I noticed that a few of you commented that I expressed concern over the fact that a prospect I was considering was not started until the age of four. I'd like to speak to my thoughts on that issue. First and foremost, I preface all of this by stating, sincerely that this is IMHO (In My Humble Opinion), I welcome your thoughts and respect when people have a different opinion.
I feel that the right age and time to start a horse should always depend on the individual. The physical and mental maturity of a colt can very dramatically from horse to horse. I dont think that there should be any set age that is right but in the industry that I am involved in, people breed horses to be physically and mentally mature at an earlier age than lets say, warmbloods or arabs, because the money for aged events (3-6 year olds) is much higher than in later years. Bloodlines that lend themselves towards late bloomers do not survive in the reined cow horse, reining and cutting world. I have noticed that, in general, the larger the horse at maturity, the longer it takes for him to reach it. As a rule, I dont look at horses over 15HH unless they are exceptional. My mare Abby is just barely 14.2H. Most reiners, cutters are 14.3 max while the reined cow horses can get up to 15.2 but average out at around 15-15.1. These are not big, heavy boned horses. They look much the same at three as they do at six or seven.
I am not a fan of futurities. Or rather, I should say that I dont think that the level of competition and what is expected of the horses is just. I would not buy a horse that was shown competitively at a futurity. Not in a million years. The industry motivates owners, trainers and breeders to press their horses at an earlier and earlier ages to reach a higher and higher levels. It is simply and unequivocally wrong and abusive.
With that being said, my focus is on reining and cutting bred quarter horses that are, in most cases, ready to start at some point in the spring of their two year old year. The level of work that they are asked for can vary from simple saddling and sacking out, to getting them loping balanced and comfortably. I dont want them stopping hard, turning around or doing anything physically stressful for that first 6 months or so. I do think that it is important in almost all cases to get a horse working in their two year old year. At that age their minds are at an impressionable stage and they are not quite as set in their ways. I would prefer that after putting 90-120 days on them, they be turned out for the fall and winter and then started back up in the spring of their three year old year. This method is time tested and true. As horses age, their habits become more ingrained and I find that they are less likely to be mailable in their training if they are left to be started at four. But if they get that SOLID foundation laid as a two year old, you can pick back up on them later and find that they are a better broke horse overall than how you left them in the fall of their two year old year.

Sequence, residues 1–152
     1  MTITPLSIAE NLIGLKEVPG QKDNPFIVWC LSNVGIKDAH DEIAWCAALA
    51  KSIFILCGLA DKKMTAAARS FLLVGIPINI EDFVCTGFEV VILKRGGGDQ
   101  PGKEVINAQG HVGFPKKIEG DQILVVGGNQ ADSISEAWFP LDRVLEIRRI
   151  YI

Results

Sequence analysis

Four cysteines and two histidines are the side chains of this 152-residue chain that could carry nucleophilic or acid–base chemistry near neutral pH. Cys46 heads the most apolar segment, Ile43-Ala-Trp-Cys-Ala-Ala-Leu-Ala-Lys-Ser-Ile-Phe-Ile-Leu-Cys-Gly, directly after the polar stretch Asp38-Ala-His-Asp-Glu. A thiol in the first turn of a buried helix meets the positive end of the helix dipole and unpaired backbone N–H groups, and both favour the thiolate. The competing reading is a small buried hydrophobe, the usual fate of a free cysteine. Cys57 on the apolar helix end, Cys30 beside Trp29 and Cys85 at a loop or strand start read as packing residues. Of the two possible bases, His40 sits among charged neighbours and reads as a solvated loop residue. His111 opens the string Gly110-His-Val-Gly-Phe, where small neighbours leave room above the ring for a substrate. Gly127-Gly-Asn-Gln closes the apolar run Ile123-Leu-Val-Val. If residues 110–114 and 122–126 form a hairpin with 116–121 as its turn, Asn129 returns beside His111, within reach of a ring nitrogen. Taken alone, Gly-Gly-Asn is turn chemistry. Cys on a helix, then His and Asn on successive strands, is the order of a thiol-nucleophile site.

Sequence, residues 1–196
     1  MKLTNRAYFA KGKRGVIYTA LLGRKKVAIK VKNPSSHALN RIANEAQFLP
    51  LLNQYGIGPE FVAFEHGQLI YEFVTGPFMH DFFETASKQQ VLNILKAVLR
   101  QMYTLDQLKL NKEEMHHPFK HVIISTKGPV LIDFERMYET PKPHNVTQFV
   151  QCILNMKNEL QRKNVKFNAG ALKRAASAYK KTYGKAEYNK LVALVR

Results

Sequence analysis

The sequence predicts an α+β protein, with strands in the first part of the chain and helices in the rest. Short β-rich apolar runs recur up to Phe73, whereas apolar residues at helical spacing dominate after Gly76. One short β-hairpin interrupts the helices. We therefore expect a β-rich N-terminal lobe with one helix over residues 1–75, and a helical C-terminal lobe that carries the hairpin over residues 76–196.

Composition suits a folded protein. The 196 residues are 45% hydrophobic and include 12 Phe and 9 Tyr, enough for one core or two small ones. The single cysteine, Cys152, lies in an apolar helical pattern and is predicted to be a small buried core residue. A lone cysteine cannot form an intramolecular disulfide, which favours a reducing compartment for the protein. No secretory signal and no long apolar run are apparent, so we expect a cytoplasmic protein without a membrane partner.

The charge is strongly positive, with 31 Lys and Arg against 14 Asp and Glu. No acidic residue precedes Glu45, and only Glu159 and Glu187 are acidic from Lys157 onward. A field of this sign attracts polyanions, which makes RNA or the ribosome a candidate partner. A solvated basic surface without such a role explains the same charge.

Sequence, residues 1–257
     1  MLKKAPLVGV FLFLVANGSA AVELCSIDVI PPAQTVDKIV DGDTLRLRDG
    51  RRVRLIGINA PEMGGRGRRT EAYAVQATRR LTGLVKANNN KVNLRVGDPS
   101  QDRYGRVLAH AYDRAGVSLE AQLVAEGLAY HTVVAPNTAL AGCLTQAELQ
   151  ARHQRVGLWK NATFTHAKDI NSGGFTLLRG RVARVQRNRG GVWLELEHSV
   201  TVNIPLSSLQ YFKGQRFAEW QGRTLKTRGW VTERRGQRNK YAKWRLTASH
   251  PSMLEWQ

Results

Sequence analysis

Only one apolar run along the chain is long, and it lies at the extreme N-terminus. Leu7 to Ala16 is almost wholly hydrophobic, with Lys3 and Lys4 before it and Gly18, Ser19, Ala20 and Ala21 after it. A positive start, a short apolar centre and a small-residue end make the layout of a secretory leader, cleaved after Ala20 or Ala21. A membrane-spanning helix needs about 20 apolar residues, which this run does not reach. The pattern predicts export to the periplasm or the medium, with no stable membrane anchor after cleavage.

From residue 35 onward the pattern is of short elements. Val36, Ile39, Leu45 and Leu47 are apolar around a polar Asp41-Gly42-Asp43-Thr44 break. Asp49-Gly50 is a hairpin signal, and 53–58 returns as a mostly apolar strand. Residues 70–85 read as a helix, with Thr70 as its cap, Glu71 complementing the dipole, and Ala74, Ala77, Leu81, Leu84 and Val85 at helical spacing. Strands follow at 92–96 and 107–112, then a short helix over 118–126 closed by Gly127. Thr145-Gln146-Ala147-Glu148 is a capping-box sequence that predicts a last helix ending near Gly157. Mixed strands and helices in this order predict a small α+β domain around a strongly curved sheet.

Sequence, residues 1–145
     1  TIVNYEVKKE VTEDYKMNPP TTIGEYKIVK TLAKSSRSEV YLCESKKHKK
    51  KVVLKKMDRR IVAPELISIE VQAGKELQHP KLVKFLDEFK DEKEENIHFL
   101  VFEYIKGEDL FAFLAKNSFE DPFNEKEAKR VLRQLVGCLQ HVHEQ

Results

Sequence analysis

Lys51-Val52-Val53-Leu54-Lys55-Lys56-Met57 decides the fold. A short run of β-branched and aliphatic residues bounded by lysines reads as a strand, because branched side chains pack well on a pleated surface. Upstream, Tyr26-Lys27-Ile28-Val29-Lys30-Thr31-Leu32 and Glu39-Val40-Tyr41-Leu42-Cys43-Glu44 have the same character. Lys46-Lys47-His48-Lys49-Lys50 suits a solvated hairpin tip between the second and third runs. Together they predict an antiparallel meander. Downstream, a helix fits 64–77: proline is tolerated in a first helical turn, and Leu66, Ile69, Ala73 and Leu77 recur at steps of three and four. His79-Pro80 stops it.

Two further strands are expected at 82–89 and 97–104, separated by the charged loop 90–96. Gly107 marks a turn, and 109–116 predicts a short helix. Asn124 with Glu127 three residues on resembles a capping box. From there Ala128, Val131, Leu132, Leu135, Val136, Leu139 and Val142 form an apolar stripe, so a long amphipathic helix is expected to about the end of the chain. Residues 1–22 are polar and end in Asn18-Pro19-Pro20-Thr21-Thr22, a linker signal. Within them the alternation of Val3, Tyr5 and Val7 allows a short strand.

On the other hand, if you leave a horse unbroke until their 3-4 year old year, I find that they are more likely to have resistance towards training. They are adults, they are used to being masters of their own universe and have established their personalities, likes, dislikes, etc.. Again, this is not the case in all horses and I am talking about getting a horse to be a finished bridle horse, not just getting them broke enough to putter around the farm on. I also dont like my horses to be over exposed as weanlings-two year olds. I love to buy horses that have been raised in a herd and that were not exposed to much besides halter breaking and getting their feet done until they are ready to be started as a two year old. Again, it depends on what your intended outcome would be for the horse. If I were looking to make a kids mount, then by all means, get them out there and have them exposed to everything under the sun as early as possible. But for a highly responsive bridle horse, I dont want a horse that is dull and sticky. I want them to be as much horse as possible, light on their feet, quick to react and easy to manipulate. Some sketchier horses might need more exposure, some quieter horses might need less, but getting them "hauled" (exposed to new settings) is not as much of a challenge as getting a sticky, dead head, unresponsive horse to lighten up.
To be continued...